— Nintendo

Rumors have been brewing for months now about Nintendo’s plans for its next system, currently dubbed the Nintendo Switch 2. It’s clear releases for the Switch have slowed down, and some estimate the next console will debut later this year. More interesting, however, is a recent article from GamesIndustry.biz stating Nintendo is “deep in conversation” with other studios to work on its cherished brands. This is a continuation of the best decision Nintendo made in the Switch era, and doubling down on it could ensure success for the Nintendo Switch 2.

Nintendo has traditionally been incredibly protective of its brands, often choosing to develop new titles in-house. This could have, in part, been caused by poorly received attempts, like the infamous Phillips CD-i Zelda games or the original Super Mario Bros. film.

Near the end of the Wii U’s life, Nintendo made a clear move to open up its IP to more third-party developers but kicked it into full gear with Switch. Over the last six years, many of the Switch’s best-selling games were developed by companies that aren’t owned or operated by Nintendo itself.

These weren’t just spinoffs, either. Crucially, these included new mainline entries in major franchises. Fire Emblem Three Houses was made in collaboration with Koei Tecmo, Metroid Dread was primarily developed by Mercury Steam, Bandai Namco heavily assisted on Super Smash Bros. Ultimate, and of course, Ubisoft made two Mario + Rabbids games.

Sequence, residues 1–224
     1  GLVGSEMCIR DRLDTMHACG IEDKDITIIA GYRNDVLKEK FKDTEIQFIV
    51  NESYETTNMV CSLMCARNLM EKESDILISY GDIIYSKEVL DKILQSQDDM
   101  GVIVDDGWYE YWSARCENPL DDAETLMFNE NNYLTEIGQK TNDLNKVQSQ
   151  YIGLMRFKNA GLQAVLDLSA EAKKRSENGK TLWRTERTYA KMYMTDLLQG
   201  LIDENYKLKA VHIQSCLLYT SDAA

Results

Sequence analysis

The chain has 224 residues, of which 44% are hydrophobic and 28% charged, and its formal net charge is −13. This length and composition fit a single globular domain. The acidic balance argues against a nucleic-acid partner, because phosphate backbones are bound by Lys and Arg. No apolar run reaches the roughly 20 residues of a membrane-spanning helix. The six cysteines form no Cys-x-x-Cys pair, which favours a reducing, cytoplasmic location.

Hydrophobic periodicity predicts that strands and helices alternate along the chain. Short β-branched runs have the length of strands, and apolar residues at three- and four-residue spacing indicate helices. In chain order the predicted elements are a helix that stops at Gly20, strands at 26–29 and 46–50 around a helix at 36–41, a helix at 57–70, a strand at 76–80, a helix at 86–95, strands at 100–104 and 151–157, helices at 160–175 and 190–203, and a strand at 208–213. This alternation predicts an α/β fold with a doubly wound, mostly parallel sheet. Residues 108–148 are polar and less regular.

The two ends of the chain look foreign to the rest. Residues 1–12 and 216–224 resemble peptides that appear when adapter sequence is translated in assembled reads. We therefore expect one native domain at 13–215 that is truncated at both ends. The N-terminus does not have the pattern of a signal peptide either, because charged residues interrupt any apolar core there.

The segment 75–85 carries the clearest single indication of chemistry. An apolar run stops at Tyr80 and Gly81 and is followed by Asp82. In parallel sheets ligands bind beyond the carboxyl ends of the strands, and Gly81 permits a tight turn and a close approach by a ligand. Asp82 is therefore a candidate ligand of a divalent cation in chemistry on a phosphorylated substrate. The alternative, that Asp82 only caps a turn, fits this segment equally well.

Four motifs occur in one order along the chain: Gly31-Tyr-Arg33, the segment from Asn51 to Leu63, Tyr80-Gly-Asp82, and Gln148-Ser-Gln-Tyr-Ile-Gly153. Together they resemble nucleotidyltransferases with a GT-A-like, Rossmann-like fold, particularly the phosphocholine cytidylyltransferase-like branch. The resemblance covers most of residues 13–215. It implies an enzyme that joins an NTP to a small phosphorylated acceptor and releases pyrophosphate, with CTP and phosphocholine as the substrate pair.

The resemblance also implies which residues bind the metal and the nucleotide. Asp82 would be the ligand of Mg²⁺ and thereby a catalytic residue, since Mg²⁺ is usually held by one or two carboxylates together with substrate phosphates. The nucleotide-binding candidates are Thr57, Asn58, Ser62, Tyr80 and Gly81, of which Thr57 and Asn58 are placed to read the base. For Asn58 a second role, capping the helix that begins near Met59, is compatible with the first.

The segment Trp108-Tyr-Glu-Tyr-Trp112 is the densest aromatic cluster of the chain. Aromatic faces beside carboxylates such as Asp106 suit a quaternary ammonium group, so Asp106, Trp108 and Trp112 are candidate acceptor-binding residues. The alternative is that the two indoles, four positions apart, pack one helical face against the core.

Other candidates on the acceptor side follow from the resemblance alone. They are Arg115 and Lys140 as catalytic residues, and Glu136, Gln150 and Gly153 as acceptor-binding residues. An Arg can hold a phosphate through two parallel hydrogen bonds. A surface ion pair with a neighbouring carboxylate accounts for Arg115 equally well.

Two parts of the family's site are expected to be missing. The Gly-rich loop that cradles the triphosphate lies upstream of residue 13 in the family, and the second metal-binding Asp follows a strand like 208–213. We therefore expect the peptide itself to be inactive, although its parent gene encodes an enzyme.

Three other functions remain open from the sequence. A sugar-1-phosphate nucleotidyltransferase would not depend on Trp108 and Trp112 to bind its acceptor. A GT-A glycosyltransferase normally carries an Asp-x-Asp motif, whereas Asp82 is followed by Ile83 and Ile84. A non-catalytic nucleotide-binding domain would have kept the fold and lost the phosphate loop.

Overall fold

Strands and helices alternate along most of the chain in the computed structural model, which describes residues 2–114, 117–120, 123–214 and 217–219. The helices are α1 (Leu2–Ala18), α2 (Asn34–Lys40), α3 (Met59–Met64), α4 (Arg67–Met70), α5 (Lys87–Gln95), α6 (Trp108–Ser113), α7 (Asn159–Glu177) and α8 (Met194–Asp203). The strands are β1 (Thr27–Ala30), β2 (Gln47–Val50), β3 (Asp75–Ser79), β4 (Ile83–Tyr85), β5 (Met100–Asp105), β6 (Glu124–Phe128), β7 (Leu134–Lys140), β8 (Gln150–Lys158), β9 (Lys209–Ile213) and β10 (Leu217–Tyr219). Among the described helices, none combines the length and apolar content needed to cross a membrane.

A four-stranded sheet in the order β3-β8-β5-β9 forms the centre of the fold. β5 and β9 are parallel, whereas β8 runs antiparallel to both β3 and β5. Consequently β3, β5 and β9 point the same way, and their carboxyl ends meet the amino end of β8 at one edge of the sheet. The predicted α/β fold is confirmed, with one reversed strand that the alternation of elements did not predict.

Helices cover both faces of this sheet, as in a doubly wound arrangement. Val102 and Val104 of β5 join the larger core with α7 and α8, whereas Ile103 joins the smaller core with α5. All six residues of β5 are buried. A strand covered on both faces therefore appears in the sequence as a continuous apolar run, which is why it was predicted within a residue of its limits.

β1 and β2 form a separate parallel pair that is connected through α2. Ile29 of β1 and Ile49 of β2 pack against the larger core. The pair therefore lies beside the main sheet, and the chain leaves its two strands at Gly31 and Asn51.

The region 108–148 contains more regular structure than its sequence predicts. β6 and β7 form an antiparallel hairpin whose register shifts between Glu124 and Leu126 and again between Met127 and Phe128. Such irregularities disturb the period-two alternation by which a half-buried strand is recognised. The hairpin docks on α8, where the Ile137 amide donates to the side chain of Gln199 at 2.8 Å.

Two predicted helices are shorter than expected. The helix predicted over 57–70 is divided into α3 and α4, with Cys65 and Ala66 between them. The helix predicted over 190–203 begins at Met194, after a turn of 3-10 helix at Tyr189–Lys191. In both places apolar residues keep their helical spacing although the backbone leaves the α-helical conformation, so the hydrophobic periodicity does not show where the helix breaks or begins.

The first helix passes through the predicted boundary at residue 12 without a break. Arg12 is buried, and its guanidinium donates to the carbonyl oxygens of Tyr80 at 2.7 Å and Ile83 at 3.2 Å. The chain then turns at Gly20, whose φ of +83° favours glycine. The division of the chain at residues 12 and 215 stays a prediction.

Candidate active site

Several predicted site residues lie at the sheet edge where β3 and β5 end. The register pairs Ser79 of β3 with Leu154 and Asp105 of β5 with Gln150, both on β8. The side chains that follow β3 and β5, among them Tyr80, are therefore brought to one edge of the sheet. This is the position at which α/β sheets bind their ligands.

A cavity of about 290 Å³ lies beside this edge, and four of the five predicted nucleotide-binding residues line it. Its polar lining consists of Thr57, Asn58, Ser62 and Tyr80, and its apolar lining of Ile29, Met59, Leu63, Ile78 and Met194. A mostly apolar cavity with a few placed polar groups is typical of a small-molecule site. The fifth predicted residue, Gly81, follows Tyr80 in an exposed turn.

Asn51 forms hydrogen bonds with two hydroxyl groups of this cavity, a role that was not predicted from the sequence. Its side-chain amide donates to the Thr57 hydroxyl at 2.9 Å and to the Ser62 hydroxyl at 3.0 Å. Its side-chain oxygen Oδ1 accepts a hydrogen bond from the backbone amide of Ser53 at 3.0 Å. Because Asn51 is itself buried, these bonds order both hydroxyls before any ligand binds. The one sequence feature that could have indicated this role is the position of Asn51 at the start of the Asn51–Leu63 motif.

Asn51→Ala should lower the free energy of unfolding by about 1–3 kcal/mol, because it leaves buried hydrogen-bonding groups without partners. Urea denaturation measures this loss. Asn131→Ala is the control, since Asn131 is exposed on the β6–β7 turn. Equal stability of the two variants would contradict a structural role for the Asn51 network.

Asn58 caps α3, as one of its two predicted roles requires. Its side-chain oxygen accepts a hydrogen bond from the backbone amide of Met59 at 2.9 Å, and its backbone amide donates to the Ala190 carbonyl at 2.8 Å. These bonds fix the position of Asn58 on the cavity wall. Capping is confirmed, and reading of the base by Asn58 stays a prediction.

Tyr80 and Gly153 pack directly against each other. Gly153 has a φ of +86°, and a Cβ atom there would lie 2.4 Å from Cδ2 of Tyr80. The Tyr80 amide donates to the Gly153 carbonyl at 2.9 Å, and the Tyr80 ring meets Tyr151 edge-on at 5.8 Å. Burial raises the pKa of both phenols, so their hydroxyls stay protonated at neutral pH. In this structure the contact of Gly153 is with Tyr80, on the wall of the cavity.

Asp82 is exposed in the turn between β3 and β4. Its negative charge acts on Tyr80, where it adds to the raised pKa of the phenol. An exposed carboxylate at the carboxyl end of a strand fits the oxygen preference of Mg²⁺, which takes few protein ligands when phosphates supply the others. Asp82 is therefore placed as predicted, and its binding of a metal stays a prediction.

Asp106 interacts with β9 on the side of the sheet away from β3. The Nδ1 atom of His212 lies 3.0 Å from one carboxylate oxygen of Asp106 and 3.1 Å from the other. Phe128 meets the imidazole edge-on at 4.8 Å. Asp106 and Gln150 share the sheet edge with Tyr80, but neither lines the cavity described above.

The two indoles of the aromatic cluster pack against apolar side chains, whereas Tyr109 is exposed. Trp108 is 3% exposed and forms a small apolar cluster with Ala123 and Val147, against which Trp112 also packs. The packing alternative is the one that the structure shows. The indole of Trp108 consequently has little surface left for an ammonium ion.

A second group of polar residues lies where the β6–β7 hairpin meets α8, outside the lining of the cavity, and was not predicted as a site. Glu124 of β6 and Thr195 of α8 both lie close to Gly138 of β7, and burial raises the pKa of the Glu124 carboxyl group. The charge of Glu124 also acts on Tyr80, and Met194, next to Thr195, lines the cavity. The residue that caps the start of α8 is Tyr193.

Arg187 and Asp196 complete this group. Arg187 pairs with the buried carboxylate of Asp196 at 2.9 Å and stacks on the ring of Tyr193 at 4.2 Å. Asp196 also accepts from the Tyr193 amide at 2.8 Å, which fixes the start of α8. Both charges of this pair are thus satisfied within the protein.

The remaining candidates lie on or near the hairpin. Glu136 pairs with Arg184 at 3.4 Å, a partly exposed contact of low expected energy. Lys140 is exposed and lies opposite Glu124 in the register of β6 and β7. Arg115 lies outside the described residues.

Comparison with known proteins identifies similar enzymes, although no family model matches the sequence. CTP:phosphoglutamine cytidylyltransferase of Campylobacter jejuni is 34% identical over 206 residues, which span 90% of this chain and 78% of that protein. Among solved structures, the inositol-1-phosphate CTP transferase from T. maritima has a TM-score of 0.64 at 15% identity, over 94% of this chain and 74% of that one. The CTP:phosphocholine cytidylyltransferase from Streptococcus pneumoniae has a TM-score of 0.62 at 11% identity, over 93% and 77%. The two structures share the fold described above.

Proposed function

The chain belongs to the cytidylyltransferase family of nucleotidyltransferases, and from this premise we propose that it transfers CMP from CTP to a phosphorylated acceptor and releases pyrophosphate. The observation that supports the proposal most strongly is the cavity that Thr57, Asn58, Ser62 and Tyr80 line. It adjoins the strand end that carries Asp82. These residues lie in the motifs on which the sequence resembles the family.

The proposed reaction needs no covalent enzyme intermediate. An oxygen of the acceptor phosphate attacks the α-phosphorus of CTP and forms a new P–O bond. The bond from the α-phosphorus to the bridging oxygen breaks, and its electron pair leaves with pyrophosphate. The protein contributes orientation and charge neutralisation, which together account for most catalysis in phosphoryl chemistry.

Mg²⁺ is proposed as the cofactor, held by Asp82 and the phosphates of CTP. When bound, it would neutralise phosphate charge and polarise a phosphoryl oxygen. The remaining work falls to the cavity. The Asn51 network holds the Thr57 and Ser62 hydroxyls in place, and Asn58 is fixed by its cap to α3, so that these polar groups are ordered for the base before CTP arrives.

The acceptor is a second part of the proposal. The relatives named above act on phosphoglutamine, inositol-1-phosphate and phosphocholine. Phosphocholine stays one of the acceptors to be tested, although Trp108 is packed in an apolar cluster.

Beyond those bigger games, though, there’s even a handful of smaller partnerships that helped craft meaningful content, including Cadence of Hyrule, ArtePiazza’s Super Mario RPG, and Koei Tecmo’s Hyrule Warriors: Age of Calamity. Nintendo also partnered on original titles from studios like Astral Chain, Shin Megami Tensei V, and Bayonetta 3, all of which are Switch exclusives.

While the company’s first-party productions have also been stellar, the Switch arguably wouldn’t be where it is without these collaborations and deals. Bringing in third parties to work on major franchises has allowed Nintendo to diversify its lineup in new ways and keep a consistent stream of releases across the console’s entire lifetime, something the Wii U struggled with.

If the rumors are true, the Nintendo Switch 2 might feature significantly beefed-up hardware, possibly near the power of the PlayStation 5, which could open up even more opportunities. Nintendo is smart to try and capitalize on this by bringing in the expertise of other developers that worked with more powerful hardware for years.

Furthermore, this could give the company a chance to revive dormant IPs while Nintendo continues to focus on heavy hitters like Mario, Zelda, and Splatoon. Let a racing-focused studio like Shin’en Multimedia (which made Fast RMX) take the reigns on a new F-Zero, or bring in a studio like PlatinumGames to breathe new life into Star Fox. Nintendo has a rich catalog of titles that could get fascinating updates, by AAA and indie studios alike.

If Nintendo wants to keep up the Switch’s momentum, bringing more unique visions to its development can only help. And if Nintendo wants its new system to truly surpass the Switch, it’ll need to utilize those partnerships more smartly than ever.

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